How crazy were the first two rounds of this NCAA Tournament? The average seed of this year’s Sweet 16 teams is 5.31, tied for the 4th-lowest since seeding began in 1979. In the four other tournaments when the Sweet 16 seed average was at least that low, a 1 or 2 seed won it all.
The lowest was in 1986 when the average was 5.56 and No. 2 Louisville won it all. In the three other instances, the winners were: No. 1 UConn (average of 5.50 in 1999), No. 1 UNLV (average of 5.50 in 1990) and No. 1 Michigan State (average of 5.31 in 2000).
Although in the wacky South Region after Thursday night, only No. 11-seed Loyola Chicago and No. 9-seed Kansas State were left standing, the cream does tend to rise to the crop at the end. And that’s my theme for the top two picks of Friday’s Sweet 16 action.
Friday’s NCAA Tournament Sweet 16 Top Picks: Chalk Talk With Villanova, Duke
— Villanova MBB (@NovaMBB) March 20, 2018
No. 5 West Virginia vs. No. 1 Villanova
East Region opener Friday from Boston with the winner facing either No. 2 Purdue or No. 3 Texas Tech; that’s the only chalk matchup of the Sweet 16 and the East was the lone region to go almost completely to form, with only No. 4 Wichita State missing. The Shockers were sizable Round 1 favorites over Marshall but upset by the Thundering Herd. Marshall seemed to have blown its you know what in that one, though, getting crushed by state-rival WVU 94-71 in the Round of 32.
There are a few reasons why I will be taking Villanova here.
First, the Wildcats will have the sizable fan support, just as they did the first two rounds in Pittsburgh, as Boston is a short flight or nice train ride away from Philadelphia. Second, there’s no doubt the “Press Virginia” defense that Bob Huggins employs can be overwhelming at times. The Mountaineers force 16.5 turnovers per game, No. 1 among NCAA Tournament teams. Murray State and Marshall both turned it over on nearly 25 percent of their possessions. But, if you have had all week to prepare for it, then it can be handled. Marshall had to face WVU on a quick turnaround. Villanova doesn’t.
Third, the Wildcats have the nation’s best offense, a bevy of ball-handlers and they commit just 10.4 turnovers per game, 14th-best in the country. They have turned it over more than 20 percent of their possessions in just two games the past two months. Not to mention, Nova is the nation’s highest-scoring team and shoots better than 50 percent from the field.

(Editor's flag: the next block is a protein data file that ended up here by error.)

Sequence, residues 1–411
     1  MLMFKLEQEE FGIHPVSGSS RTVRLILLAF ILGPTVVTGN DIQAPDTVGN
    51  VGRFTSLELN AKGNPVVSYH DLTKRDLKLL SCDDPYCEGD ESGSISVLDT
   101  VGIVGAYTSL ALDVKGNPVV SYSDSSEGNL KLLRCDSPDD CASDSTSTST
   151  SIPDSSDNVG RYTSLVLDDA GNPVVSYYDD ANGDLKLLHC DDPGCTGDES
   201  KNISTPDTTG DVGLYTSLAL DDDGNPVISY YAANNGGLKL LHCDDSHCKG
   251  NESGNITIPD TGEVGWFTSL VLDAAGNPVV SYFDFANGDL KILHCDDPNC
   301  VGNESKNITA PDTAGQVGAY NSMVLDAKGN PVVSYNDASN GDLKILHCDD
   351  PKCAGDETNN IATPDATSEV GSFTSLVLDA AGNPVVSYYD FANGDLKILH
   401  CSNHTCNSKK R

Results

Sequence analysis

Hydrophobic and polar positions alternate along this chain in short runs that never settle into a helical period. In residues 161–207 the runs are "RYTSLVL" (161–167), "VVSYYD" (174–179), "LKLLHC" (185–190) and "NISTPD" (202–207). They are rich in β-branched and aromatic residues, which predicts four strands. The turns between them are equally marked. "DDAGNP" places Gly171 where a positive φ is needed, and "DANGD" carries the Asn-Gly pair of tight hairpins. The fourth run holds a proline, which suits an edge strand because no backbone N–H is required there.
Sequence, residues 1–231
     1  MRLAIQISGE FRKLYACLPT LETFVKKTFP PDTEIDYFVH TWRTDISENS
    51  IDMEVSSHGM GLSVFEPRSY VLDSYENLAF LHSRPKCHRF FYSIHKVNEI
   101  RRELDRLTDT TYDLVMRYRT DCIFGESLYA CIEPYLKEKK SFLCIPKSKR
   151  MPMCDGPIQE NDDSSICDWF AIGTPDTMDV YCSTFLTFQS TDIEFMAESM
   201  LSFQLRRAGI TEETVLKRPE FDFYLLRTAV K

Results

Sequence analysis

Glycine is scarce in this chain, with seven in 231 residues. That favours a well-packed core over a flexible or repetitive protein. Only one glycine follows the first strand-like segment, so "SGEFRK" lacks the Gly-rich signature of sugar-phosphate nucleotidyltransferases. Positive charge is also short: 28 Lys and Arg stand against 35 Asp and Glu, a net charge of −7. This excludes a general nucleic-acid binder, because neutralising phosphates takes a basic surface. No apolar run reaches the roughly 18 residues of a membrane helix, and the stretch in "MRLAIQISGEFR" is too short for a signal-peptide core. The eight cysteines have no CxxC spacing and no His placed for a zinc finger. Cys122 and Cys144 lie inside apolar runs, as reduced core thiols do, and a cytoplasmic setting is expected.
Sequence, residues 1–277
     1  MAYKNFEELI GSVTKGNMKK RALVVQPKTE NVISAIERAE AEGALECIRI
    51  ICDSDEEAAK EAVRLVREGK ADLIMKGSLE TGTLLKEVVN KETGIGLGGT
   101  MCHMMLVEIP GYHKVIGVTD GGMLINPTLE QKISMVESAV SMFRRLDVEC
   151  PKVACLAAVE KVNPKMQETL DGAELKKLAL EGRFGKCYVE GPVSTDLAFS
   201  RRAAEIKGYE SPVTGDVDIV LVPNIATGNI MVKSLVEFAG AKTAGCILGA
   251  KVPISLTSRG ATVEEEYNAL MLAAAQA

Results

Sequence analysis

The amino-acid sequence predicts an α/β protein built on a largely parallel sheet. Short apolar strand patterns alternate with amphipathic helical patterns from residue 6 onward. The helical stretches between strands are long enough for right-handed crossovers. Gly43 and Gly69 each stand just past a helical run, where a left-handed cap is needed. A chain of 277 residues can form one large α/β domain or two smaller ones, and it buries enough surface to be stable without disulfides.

Villanova has been a great bet all season with a 24-12 ATS mark that’s tops in the country. West Virginia has been underdog three times this season, going 2-1 ATS: (L vs. at Kansas, W at Oklahoma and Texas Tech). For what it’s worth, West Virginia has covered just three of its past 11 following an ATS win. The Wildcats, meanwhile, are 8-1 ATS in their past 12 neutral-site games.
The Pick: Villanova -4.5
— Duke Basketball (@DukeMBB) March 17, 2018
No. 11 Syracuse vs. No. 2 Duke
Midwest Region nightcap from Omaha with the winner facing either No. 5 Clemson or No. 1 Kansas – should the Tigers win, the ACC then would be guaranteed at least one school in the Final Four. However, I expect the Jayhawks to prevail.
Perhaps we shouldn’t be surprised that Syracuse is here. This year’s Orange had no right getting an at-large bid, but neither did the 2015-16 team that closed the regular season losing five of its final six. Yet like this year, SU was the last team in — and the 2016 Orange made it all the way to the Final Four. Incidentally, a team seeded 7th or lower has reached the Final Four in each of the past five NCAA Tournaments. We had six of them when this Sweet 16 began.
Jim Boeheim’s 2-3 zone is a gimmick sort of like the Wildcat formation in football or an overshift in baseball. But, it surely does work. The Orange have employed the zone against 94 percent of their opponents’ possessions this season, the highest rate among Division I teams.
It really, really works when the Orange are facing a team on a short turnaround, much like WVU’s press. Michigan State was clearly not ready for it last weekend, as the Spartans got way too 3-point-happy, chucking up 37 of them and making eight. Syracuse’s three opponents in this Big Dance (remember, it played in the First Four) are averaging just 54 points on 34 percent shooting.
The problem for Syracuse is that Duke coach Mike Krzyzewski knows the 2-3 zone probably better than anyone other than Boeheim. The two are great friends, and Coach K had Boeheim on his U.S. Olympic staff. Plus, there’s the fact they play every year in the ACC – Duke is 4-3 vs. the Orange since they joined the conference. That includes a 60-44 win in Durham on Feb. 5. That was right when Coach K shifted his team to a zone as well. The result: The Orange were 6-for-25 from deep and the Blue Devils 2-for-18. It was an unusual game for Duke as it has made 42 percent of its three-point jumpers against the zone this season.
In their three wins in this tournament, the Orange shot 37.8 percent from the floor. Duke’s offense is vastly better than Michigan State’s. SU is also way too reliant on its Big 3 of Tyus Battle, Oshae Brissett and Frank Howard. Each averages more than 38 minutes per game – no one else more than 28. If one gets into foul trouble or injured, this will be a complete rout. Howard did foul out vs. MSU, but the Spartans weren’t as equipped to make Syracuse play as Duke is.
I generally take this many points … but not here. The Orange are just 6-13 ATS in their past 19 after a cover.